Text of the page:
“In Love and War” is the true story of Ernest Hemingway and his romance with a nurse in WWI Italy. The movie is based on the book “Hemingway in Love and War” by Henry Villard and James Nagel. Villard was in the hospital with Hemingway and is a character in the movie. The film covers a relationship that would strongly affect his personality and writing. He wrote ten short stories with references to his romance with Agnes von Kurowsky and she is a character in his famous novel “A Farewell to Arms”. The movie was directed by Richard Attenborough. Sandra Bullock worked for a paltry $11 million. That apparently left little for the rest of the cast.
The movie is set in Italy on the war front with Austria from July, 1918 until Hemingway’s return to America. A title card tells us that President Wilson sent the American Red Cross to Europe. One volunteer was Ernie Hemingway who was a newspaper reporter at the time. But first we are introduced to a nurse named Agnes. The head nurse tells her “no fraternization allowed”. Do you think that rule might come up? A brief taste of combat depicts some graphic wounds to set up the hospital scenes. Agnes meets a cocky American named Ernie. He runs off to the front to get wounded so he can see her again. Mission accomplished. Agnes is seven years older than Ernie, but he is persistent. The usual “he knows she’s in love with him before she does” trope is used. Also typical of the genre is the love triangle complicating matters. Actually, in this case it’s a quadrangle. Ernie’s buddy Henry (Mackenzie Astin) is interested in Agnes in a competitive sort of way and the Italian doctor who agrees to avert amputation takes a shine to her as well. Even though this is not a romantic comedy, it still insists on the break-up scene. Have no fear – Ernie is persistent. Queue the romantic music swelling. Watch for Sandy’s butt. Ernie returns home assured that Agnes will be joining him for wedded bliss. Keep in mind that this is a romance, not a romantic comedy.
“In Love and War” is about Ernest Hemingway, but it is not written by him. I’m not sure he would have been impressed with it. The dialogue is decidedly unHemingwayesque. It is an average movie and if it was not something of a history lesson about a great writer, it would not be worth the watch. The production values are those of a made-for-TV movie and the acting is mediocre. O’Donnell is amateurish, but Bullocks is fine as the jaded nurse. She is certainly not her usual bubbly screen persona. She does seem uncomfortable playing the older woman. There is little chemistry between the leads.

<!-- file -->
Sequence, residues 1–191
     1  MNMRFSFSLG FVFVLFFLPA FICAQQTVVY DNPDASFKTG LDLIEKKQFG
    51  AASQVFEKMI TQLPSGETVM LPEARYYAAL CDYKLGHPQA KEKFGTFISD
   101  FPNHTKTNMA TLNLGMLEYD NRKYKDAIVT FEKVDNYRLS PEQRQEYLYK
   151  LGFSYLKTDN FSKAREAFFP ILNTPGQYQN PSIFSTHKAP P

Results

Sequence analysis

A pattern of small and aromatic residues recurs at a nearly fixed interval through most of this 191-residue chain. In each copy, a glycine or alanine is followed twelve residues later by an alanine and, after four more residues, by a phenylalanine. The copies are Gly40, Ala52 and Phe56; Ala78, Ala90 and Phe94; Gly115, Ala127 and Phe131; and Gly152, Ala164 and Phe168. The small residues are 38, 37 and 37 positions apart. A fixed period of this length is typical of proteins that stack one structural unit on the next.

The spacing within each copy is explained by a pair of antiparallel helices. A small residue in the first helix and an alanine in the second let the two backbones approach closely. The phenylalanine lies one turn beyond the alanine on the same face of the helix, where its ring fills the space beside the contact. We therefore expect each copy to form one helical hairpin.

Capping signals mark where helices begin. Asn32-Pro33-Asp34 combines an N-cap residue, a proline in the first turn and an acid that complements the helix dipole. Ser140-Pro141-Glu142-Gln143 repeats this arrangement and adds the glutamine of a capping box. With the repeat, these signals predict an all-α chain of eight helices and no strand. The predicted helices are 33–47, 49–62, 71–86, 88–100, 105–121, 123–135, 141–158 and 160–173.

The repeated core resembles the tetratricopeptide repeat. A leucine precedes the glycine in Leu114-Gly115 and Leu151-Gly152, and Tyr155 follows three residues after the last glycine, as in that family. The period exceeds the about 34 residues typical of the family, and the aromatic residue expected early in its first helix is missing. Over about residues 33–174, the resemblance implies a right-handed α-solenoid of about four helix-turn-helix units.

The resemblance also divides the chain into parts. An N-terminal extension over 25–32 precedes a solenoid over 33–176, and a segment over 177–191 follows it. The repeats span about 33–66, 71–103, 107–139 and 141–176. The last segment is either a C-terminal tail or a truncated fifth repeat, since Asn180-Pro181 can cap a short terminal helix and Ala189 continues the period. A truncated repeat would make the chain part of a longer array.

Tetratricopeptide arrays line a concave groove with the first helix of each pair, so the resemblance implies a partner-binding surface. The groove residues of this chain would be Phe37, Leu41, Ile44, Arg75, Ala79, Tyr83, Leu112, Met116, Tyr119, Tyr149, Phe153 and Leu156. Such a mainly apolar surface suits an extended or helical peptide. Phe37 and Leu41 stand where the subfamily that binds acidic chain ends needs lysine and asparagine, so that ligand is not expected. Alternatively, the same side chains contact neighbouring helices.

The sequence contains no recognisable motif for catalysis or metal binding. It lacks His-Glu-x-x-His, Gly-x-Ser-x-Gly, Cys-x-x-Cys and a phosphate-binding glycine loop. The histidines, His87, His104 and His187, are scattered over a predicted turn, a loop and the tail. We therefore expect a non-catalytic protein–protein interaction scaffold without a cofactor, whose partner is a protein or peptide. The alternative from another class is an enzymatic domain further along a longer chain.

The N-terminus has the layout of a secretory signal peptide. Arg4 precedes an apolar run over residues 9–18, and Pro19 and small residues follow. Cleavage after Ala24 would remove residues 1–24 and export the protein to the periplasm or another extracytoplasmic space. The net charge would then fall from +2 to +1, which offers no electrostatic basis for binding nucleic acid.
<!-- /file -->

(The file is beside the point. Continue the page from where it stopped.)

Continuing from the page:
The movie is not really a war movie. I would classify it as a romance set in a war. There is a very brief combat scene and some coverage of military medicine. Some scenes in the MASH unit resemble the famous comedy without the laughs. The hospital scenes are stock and include the amputee that takes his own life.
SPOILER ALERT: Ernest Hemingway did volunteer for the ambulance corps from his journalism job. He was swayed by patriotic pleas. He did get sent to Italy and was wounded early on when he was visiting the front line. The wound was actually from shrapnel from a mortar. He did meet Henry Villard and Agnes von Kurowsky in the hospital. Villard was not a romantic rival and in fact was unaware of the heat. A romance did develop and marriage was planned when they were reunited in America, according to Hemingway. Von Kurowsky insisted later that it was a flirtation and never consummated. Agnes wrote to Hemingway informing him that he was being jilted for an Italian doctor. That relationship fell through and Agnes returned to the United States, but she and Ernie never met again. Ernie never forgot her as she influenced his writing career (Catherine Barkley in “A Farewell to Arms” is based on her) and his personal life. Hemingway married four times and abandoned each wife before they could abandon him. Or so psychologists analyze it.
GRADE = C-